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Rated: 13+ · Short Story · Romance/Love · #2199503
Lost found in the center, the center holds.
An entry for the August 2019
Short Shots: Official WDC Contest  (ASR)
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August 12, 2011

Samantha was curled into a comfortable chair peering out of her room under the eaves at the Hotel Particulier De Champrond watching the moon rise beyond the spires of the Chartres Cathedral.

"Grand! Did you see the moon?" Her granddaughter, Christina, burst into her room. "It looks huge! I tried getting a picture with my cell, but it just looks the normal size. I wanted to remember how special it looks."

"It's merely an illusion. You don't need your phone to remember how beautiful it is; just use your eyes and your mind and you can keep it forever."

Tina looked at her grandmother who seemed so sad. "You aren't sorry we came, are you?"

"No, darling. I do find myself wondering a bit though."

"Wondering what?"

"Was what I felt all those many years ago just an illusion of love? Was I deluding myself? Did it seem so very much bigger than what it actually was, not unlike that moon out there?"

"No, Grand. It couldn't have been. I know you two lost each other when he had to return home, but the love was real. Your eyes shine when you speak of your 'darling Christophe.' The story of you and him that I've heard my entire life is almost like a fairy tale, except that it really happened."

"No 'happily ever after' though," Sam said softly. "Every so often, I try yet again to find him. It is like he never existed. Nothing across social media. He must be the only one on the planet without some form of an online presence. You'd think it would be simple now, but it isn't."

"You never know. Your story isn't over yet."

"No, no it is not."


Christophe Marston strolled along Place Jean Moulin, head raised to the impossibly large full moon rising in the night sky. Moon when all things ripen, he mused. That's what Grandmother always called it. Over forty years later and I still miss you, Grams. I just wish I could remember so many of the other things I've lost.

He could remember pretty much everything until he'd graduated college. He didn't remember his grandmother passing away, he could no longer remember even being in the US Army (although that's where he was injured.) His memories started again pretty much when he went home after being released from his service due to his closed head injury from the chopper crash he was glad he didn't remember.

Arriving home, he found out that his grandmother and parents had died, and it was all new to him although it had happened five years prior. He'd been left a substantial amount of money, a warehouse full of 18th century antiques and a homely little man named Jimmy who insisted that Chris needed to get back into the antiquities business. He sighed. And so he had. But the missing years haunted him.

He didn't know why he was drawn here to Chartres, but after fighting the feelings for years, he'd decided to go see the cathedral. He knew all about its history, of course. He wanted to walk the labyrinth inside, the maze that was supposed to lead people forward.

August 13, 2011

Both Samantha and Christina overslept the next morning. Sam woke with a raging headache and a stiff neck. When Tina knocked on her door, she asked her to find her some aspirin. "I guess, maybe, I'm getting too old for all this traipsing around the globe," she said ruefully.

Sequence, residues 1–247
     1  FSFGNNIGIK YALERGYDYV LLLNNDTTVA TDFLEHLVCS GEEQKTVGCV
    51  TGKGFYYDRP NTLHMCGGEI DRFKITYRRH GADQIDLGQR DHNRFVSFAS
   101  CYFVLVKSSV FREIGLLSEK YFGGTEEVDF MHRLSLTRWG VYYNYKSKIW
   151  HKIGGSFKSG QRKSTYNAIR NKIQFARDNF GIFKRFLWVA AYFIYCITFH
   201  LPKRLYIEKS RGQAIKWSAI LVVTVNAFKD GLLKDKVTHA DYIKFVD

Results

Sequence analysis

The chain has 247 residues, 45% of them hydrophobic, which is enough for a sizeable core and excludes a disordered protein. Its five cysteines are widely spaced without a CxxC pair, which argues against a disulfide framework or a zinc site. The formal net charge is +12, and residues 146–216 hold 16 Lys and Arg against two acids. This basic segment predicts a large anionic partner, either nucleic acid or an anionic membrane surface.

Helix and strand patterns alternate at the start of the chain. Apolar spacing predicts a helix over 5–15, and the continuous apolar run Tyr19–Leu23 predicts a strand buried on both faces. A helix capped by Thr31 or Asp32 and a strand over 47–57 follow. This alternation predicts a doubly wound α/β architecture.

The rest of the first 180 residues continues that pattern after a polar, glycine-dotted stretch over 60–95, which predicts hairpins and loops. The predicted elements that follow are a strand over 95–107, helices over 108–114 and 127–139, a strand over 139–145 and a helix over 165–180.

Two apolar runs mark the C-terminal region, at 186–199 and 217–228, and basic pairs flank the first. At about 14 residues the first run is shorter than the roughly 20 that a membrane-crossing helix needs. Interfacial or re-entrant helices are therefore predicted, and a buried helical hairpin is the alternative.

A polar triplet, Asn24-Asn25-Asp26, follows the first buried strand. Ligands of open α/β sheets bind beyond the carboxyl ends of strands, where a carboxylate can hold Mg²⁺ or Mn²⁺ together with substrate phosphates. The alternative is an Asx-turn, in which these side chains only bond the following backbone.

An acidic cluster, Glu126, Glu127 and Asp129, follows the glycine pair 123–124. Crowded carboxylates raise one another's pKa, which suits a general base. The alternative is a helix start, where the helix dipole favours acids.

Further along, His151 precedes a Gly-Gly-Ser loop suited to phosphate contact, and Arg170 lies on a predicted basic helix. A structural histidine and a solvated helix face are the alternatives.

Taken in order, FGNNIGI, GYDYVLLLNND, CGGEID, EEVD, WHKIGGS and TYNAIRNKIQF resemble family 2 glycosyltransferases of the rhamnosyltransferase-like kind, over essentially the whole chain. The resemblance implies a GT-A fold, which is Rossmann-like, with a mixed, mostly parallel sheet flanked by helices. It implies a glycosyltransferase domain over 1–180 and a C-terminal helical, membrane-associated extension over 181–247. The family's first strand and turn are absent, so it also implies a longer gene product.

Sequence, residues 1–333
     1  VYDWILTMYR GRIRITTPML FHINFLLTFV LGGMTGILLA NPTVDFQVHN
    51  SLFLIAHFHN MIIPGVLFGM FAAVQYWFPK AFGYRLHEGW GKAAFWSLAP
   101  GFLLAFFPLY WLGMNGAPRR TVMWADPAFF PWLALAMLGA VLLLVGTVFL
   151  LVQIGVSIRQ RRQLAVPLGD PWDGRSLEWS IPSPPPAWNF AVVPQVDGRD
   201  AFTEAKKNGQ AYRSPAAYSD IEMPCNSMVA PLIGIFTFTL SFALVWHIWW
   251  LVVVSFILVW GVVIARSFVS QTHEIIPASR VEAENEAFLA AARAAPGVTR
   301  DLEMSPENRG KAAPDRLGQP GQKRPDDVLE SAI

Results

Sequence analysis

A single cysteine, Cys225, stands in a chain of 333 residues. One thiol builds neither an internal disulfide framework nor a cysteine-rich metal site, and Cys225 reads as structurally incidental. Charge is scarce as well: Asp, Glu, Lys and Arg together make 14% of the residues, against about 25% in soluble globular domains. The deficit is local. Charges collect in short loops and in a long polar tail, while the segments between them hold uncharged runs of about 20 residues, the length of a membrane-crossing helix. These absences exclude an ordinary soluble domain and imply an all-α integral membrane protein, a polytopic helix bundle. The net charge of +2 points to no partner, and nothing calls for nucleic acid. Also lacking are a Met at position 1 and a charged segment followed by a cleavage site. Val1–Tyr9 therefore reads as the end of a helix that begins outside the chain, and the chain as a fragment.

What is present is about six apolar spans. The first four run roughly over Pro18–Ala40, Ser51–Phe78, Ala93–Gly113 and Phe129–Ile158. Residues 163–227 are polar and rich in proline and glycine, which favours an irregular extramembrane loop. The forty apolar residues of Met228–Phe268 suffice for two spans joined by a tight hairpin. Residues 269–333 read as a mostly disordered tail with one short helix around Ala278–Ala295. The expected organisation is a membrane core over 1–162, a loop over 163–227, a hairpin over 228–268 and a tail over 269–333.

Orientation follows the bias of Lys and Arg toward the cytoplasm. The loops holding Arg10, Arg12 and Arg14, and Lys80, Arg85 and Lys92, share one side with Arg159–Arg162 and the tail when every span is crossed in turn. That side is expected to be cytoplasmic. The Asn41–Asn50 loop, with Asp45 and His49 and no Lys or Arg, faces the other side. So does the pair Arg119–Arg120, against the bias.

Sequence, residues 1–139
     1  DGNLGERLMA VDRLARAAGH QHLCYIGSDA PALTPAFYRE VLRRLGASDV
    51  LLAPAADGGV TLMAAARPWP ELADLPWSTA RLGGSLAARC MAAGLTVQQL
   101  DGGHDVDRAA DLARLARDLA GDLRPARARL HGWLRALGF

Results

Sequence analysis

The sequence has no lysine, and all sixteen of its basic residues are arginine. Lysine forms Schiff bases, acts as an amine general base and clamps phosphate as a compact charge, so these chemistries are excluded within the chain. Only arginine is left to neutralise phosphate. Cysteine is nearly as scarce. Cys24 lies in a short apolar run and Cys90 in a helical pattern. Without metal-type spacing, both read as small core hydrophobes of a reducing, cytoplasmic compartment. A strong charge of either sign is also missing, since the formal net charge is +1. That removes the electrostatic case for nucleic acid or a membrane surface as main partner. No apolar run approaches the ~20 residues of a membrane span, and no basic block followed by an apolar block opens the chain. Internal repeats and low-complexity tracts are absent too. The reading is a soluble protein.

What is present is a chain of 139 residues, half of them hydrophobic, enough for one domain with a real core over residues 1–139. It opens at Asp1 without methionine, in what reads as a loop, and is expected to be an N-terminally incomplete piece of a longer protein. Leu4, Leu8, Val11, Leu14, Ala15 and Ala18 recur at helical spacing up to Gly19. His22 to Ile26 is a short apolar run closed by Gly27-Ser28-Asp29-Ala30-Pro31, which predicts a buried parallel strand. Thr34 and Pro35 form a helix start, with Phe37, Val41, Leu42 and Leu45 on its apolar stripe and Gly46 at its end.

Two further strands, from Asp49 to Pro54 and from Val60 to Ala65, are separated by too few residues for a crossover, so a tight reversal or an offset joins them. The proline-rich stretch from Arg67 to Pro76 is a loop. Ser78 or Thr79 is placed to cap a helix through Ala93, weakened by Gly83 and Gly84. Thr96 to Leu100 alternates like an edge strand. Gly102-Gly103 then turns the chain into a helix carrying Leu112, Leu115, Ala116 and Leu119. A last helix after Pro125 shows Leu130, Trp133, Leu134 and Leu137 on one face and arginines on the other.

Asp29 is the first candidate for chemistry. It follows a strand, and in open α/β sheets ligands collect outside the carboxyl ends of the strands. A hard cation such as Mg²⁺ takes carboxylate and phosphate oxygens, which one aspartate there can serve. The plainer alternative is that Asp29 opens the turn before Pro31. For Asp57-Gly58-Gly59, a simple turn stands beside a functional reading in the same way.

{size:4"}Not a chance, Grand. You are only sixty-eight. That's not old at all," Tina said, handing Sam a glass of water and two aspirin. "Jetlag can bring down even the mightiest of men," she joked. "Get some rest. We are here until tomorrow so we can just go to the cathedral this afternoon."

Sam cozied down in the soft bed, eyes closed, but not sleeping. More likely, I am just afraid to go back inside. Tracing the labyrinth with Christophe is still so clear in my head - like it happened yesterday, instead of forty-three years ago. That day, that entire day, was one of the most important days in my life. Everything changed - good and bad. Samantha rolled over, punched her pillow. Strange being here with Christina. Like I'm seeing her and yet seeing a younger me. Images from the past overlapped the now, resurfaced. Somewhere in the meshing of memories, Samantha fell asleep.

Shortly before closing time, Samantha and Tina stood outside the massive doors into the cathedral. "The left door. That's the one you and your Christophe used, right Grand?"

Sam reached out, her fingers barely toughing the ancient wood, before reaching for the handle and pulling it open.

Sam heard her granddaughter's inhaled breath of awe as Tina stood stock still looking up, oblivious of the people edging past her. Sam's writer-self clicked in; describing the scene as if she were writing it: The girl with the vibrant copper and gilt hair stood silent and wide-eyed in the void, in the belly of the 900 year-old stone edifice while humanity streamed past intent on seeing all there was to see, and yet, missing the most important scene of all.

"Ready to walk the labyrinth, Grand?"

"No," Samantha replied, "you walk it, sweetie. I'm going to sit over there," she pointed to a bench over by the east wall. She watched as Tina walked the eleven circles wending her way towards the middle of the maze, the place where she was to meet her future. She watched, but her mind was back all those many years, when she was here with her darling, Christophe.